business news in context, analysis with attitude

Got the following email from MNB fave Glen Terbeek:

I get a kick out of all of the commentary regarding the Amazon acquisition of Whole Foods. It is all centered on the impact it will have on the current food industry. And for sure it will. But I believe that the Amazon's objective is far greater than food.

It was only 30+ years ago that a discount department store (Walmart, that "alternate format") started selling 850 food store, high volume items at low prices to divert 2 to 3 times a week grocery traffic to their stores. After all, if they sold one shirt or other item during that “food” shopping trip, they got their losses back. They focused on the winning the shoppers’ traffic, getting shoppers in their stores. They expanded that concept to offering a complete food store within their stores to become the largest food store chain in the US. That traffic for sure has helped the other categories in the store as well.

The combination of Whole Foods’ strong value added store image and brands plus the ability of getting any national brand for pick up or home delivery via Amazon will be a hard shopping experience to beat for food retailers. But as importantly, it will only enhance the reason for shopping via Amazon for any item the shopper may want. It will build the shoppers trust and therefore traffic at Amazon. Why go any place else? Therefore, I believe that the merger will have as much impact on non foods retailers as it does on supermarkets.

What will the retail industry (or should I say the shoppers' industry) look like in the next 30+ years (if it takes that long)?

It will be fun to watch!


On the same subject, another MNB reader wrote:

As a consumer as well as making my living for 25+ years in the  natural products industry, I’ve watched this amoeba with delight.

Whole Foods had a mission to educate the world about better nutrition.  Phase one accomplished, to the point where their competitors started to beat them at their own game.

Whole Foods had a core value stating commitment to the planet through more ethical sourcing of food and raw materials.  Education mission accomplished, it’s becoming mainstream after being considered fringe and weird for decades.

Whole Foods stated they were committed to truth in labeling of genetic modified organisms in foods and body care.  That’s more complex, but they made GMO a nearly mainstream word, the average American has now heard of GMO’s. 
 
Amazon has broken all kinds of mental barriers and thinks outside the box as it’s MO.
 
I’m thrilled – two trailblazers merging forces.  Excited for what’s to come.


On the possibility, apparently unlikely, that Walmart could make a competitive bid, MNB reader Hy Louis wrote:

Imagine being a Whole Foods employee and you find out you have been bought out by Walmart.  That would be like being a student at Harvard and finding out Harvard was sold to the University of Phoenix.  IMO Whole Foods shoppers and employees have little respect for Walmart.  Amazon would get the last laugh.

From MNB reader Rick Werner:

One element of the acquisition I haven’t heard much about is the location of the WF stores.  I don’t have data to support this, but I would venture to guess that WF stores are surrounded by people who OVER-index on Amazon use.  That is, there is strong overlap in the two customer bases and specifically the WF locations and where Amazon shoppers live. 
 
Combine that idea with the presumption that many WF stores are larger than they need to be for today’s declining retail environment.  These stores could be the distribution centers that Amazon needs to reach many of it’s customers and without too much investment of time and money.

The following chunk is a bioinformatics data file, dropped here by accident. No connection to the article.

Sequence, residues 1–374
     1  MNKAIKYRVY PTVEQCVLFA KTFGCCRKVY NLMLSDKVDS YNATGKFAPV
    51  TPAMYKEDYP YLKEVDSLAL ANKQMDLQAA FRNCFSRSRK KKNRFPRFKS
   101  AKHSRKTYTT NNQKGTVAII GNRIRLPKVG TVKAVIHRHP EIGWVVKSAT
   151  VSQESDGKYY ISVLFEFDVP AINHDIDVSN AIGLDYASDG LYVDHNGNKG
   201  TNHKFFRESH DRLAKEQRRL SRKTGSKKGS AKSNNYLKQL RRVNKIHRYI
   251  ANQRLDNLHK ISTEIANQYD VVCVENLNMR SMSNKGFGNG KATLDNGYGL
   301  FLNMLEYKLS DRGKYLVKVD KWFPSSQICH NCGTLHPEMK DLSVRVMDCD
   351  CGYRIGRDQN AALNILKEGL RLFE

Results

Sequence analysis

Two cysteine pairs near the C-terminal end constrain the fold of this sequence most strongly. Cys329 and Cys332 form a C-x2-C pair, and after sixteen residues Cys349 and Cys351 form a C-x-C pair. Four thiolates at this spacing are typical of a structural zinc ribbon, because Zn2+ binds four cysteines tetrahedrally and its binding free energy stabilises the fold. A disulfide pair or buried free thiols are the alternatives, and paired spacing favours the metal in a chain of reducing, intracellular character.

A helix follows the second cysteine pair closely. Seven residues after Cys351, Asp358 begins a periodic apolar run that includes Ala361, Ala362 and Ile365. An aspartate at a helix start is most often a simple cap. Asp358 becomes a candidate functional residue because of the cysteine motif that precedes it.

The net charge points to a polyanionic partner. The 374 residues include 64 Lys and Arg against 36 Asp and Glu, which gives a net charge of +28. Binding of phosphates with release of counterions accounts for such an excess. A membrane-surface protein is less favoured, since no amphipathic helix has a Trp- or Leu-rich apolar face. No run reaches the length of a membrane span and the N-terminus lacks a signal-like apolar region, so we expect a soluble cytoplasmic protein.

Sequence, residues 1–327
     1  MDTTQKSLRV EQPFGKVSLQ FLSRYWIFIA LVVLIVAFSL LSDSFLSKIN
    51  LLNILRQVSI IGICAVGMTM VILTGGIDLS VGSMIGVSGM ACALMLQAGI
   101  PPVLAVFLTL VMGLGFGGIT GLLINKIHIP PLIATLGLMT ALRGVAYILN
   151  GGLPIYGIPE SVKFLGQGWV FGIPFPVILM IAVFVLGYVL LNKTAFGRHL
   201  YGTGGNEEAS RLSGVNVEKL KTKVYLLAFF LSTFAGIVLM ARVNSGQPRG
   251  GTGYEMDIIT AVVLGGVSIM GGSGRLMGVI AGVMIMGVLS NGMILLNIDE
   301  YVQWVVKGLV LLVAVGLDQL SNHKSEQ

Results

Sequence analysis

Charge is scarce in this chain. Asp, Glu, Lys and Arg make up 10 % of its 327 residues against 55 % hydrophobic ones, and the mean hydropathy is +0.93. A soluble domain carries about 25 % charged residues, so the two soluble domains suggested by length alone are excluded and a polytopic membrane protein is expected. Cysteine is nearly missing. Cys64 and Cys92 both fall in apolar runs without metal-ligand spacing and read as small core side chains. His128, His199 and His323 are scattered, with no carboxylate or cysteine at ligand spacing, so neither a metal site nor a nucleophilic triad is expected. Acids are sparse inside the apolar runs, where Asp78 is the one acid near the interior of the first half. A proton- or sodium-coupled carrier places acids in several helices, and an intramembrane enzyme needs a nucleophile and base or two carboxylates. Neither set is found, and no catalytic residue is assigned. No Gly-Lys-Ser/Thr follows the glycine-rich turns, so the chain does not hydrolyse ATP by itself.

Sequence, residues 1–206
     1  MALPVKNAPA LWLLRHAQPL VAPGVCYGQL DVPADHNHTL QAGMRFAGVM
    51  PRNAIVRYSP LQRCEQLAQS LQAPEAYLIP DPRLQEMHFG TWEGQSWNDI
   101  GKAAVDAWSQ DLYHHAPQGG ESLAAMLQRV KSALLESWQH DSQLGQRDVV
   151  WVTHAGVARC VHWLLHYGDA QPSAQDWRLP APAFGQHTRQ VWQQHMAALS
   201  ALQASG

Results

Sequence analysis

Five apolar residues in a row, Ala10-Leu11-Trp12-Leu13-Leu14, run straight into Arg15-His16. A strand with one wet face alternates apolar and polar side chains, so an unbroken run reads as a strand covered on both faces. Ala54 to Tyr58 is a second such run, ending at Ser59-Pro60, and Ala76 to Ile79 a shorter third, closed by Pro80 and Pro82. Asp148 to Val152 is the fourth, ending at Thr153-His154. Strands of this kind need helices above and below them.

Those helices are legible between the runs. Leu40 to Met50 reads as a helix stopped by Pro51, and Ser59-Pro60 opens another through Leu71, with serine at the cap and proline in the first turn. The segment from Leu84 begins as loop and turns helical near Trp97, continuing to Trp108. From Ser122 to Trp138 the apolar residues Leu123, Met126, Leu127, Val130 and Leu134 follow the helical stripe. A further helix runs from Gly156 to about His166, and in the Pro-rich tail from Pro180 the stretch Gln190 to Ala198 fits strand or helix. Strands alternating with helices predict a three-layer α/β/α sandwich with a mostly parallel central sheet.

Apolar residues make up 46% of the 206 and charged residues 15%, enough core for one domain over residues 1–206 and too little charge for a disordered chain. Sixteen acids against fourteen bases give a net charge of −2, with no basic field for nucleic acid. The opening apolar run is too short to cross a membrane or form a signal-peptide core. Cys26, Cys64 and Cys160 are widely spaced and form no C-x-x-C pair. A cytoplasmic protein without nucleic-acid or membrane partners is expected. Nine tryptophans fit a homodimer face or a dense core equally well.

This MNB reader is skeptical:

I'm finding it fascinating that people aren't discussing how much Amazon is paying for Whole Foods since Whole Foods has a really small footprint. If you look at the Safeway/Albertsons merger, Albertsons paid $9 billion for roughly 1800 stores. I'm sure brand name/power was factored into the sale but wow, Amazon is really drinking the Whole Foods Kool Aid.

We rarely shop Whole Foods due to price, selection, and location. If Amazon wanted a footprint, I'm guessing they overpaid for a toe print.


You could be right. But I would caution you that it is important not to assign too much importance to how you shop. I can't afford to shop much at Whole Foods, either ... but that doesn't mean the deal will be a failure.




Regarding how Kroger is responding to dual challenges from the Amazon-Whole Foods deal and Lidl's US invasion, one MNB reader wrote:

A financial analyst asked a senior Kroger exec about the impact of Lidl. I'll paraphrase, but basically the Kroger exec said that he was glad that Lidl finally opened, so Kroger could see what Lidl had to offer. He mentioned that Kroger took all competition seriously, but they were very used to competing with similar stores ( Aldi & Sav A Lot). Kroger faces more challenges competing with retailers that offer broader assortment like Walmart (and Amazon!).

In my opinion, Sav a Lot, Aldi, and Lidl will grow in USA, but really through a huge building spree versus consumer gravitation to the format. Can anyone tell me what new and exciting innovation that Lidl will bring that will cause our family to add a Lidl trip to a list that already includes Publix, Costco, Target, CVS, Trader Joe's, Whole Foods etc.


From another reader:

I have been following this story for some time, and while Kroger continually gets pounded by Wall Street, they keep their eyes on the prize - the customer!




On another subject, one MNB reader wrote:

Reading "The $15 Minimum Wage Debate" got me thinking. If you raise wages so workers can afford to pay for food, rent and goods, it makes goods more expensive, which impacts jobs. Using “the market” to determine wages keeps costs down, which impacts workers’ purchasing power. These realities are generally accepted by everyone, regardless of political leaning.

In either situation, the worker ultimately bears the brunt. Yet, many of our elected leaders are seeking to reduce government aid to the poorest (and even middle class) by cutting funds for public education, food assistance, and Medicaid to name a few. Why do so many people have an issue with the government trying to ease financial burdens for individuals? Aren’t we about life, liberty and the pursuit of happiness?